76-year-old former soldier salutes family and ever-patient librarians for seeing him through.

On Peter Tohill's first day at the University of Auckland, his fellow students stood up to greet him as he arrived for class.

"They thought I was the lecturer," the 76-year-old arts student says. "I said, 'No no, sit down'. It was quite embarrassing. They probably thought, what's this old bugger doing here."

Mr Tohill, a former army major, will graduate tomorrow for the third time, the oldest of a record number of University of Auckland students to cross the stage in this year's spring ceremony.

This round, he will add a pink scarf to his ensemble, representing the graduate diploma in Asian studies he achieved over four years.


The qualification caps a life of learning - Mr Tohill completed his first degree, a bachelor of arts in history, in 1988 when he was executive director of the Race Relations Office in Auckland. He later added honours to his degree, and also completed a graduate diploma in history.

Mr Tohill said he chose Asian studies for the large variety of papers it offered - across history, politics, religion and culture - and because of his connection to the region. He lived in Malaysia, Vietnam and Singapore during his time with the army.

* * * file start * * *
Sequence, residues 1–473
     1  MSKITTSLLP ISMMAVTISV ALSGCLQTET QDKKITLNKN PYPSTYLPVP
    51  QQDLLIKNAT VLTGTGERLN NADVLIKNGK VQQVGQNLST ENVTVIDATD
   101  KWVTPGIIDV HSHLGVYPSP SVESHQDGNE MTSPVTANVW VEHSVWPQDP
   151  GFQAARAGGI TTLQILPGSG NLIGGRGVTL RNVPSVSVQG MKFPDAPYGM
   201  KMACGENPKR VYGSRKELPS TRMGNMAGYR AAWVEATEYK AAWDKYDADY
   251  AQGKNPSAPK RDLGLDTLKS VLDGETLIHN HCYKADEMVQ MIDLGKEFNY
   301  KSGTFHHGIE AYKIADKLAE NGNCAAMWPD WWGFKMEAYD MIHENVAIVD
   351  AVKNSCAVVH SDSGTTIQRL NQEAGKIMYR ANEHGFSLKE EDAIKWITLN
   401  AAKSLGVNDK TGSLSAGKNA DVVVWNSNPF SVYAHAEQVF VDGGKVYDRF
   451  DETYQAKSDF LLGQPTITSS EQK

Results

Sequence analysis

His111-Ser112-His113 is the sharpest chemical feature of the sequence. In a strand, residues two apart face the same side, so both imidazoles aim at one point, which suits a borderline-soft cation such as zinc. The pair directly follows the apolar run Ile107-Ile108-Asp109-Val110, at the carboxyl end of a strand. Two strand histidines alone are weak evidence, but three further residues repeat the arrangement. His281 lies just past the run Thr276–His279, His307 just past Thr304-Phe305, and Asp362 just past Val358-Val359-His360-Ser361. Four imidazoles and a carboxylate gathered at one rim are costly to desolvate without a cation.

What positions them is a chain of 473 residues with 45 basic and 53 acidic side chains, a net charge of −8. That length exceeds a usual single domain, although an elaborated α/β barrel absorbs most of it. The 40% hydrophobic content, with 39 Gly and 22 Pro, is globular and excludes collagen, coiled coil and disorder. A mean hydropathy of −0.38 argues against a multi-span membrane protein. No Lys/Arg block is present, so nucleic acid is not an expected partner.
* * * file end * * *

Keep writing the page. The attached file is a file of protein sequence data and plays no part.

The Castor Bay resident said he found the study rewarding, although he battled with using a computer.

"I did a computer course but I found the terminology confusing. I don't think they'd had one as dumb as me before, so it wasn't a great success," he said.

However, his family, including a granddaughter also studying at Auckland, helped him get through, and he remains very grateful to the university's ever-patient librarians.

"I had a great deal of help from them. Although, in the end, I think they would see me coming and disappear."

Asked if he's going to continue studying, Mr Tohill snuck a glance at his wife, Rose, before saying: "I think I'd be in mortal danger if I did that."

Mrs Tohill replied: "Oh, I can't stop him. He's been like this for 50 years!"


Mr Tohill highly recommends university study to other retirees, saying it did him "a world of good" to be among young minds.

"I was so impressed with the young students in the classes. They were so articulate and intelligent," he said. "It made me think, we've certainly got a future in this country with these sorts of students around. They work damn hard."

The University of Auckland's spring graduation this year includes 2260 students.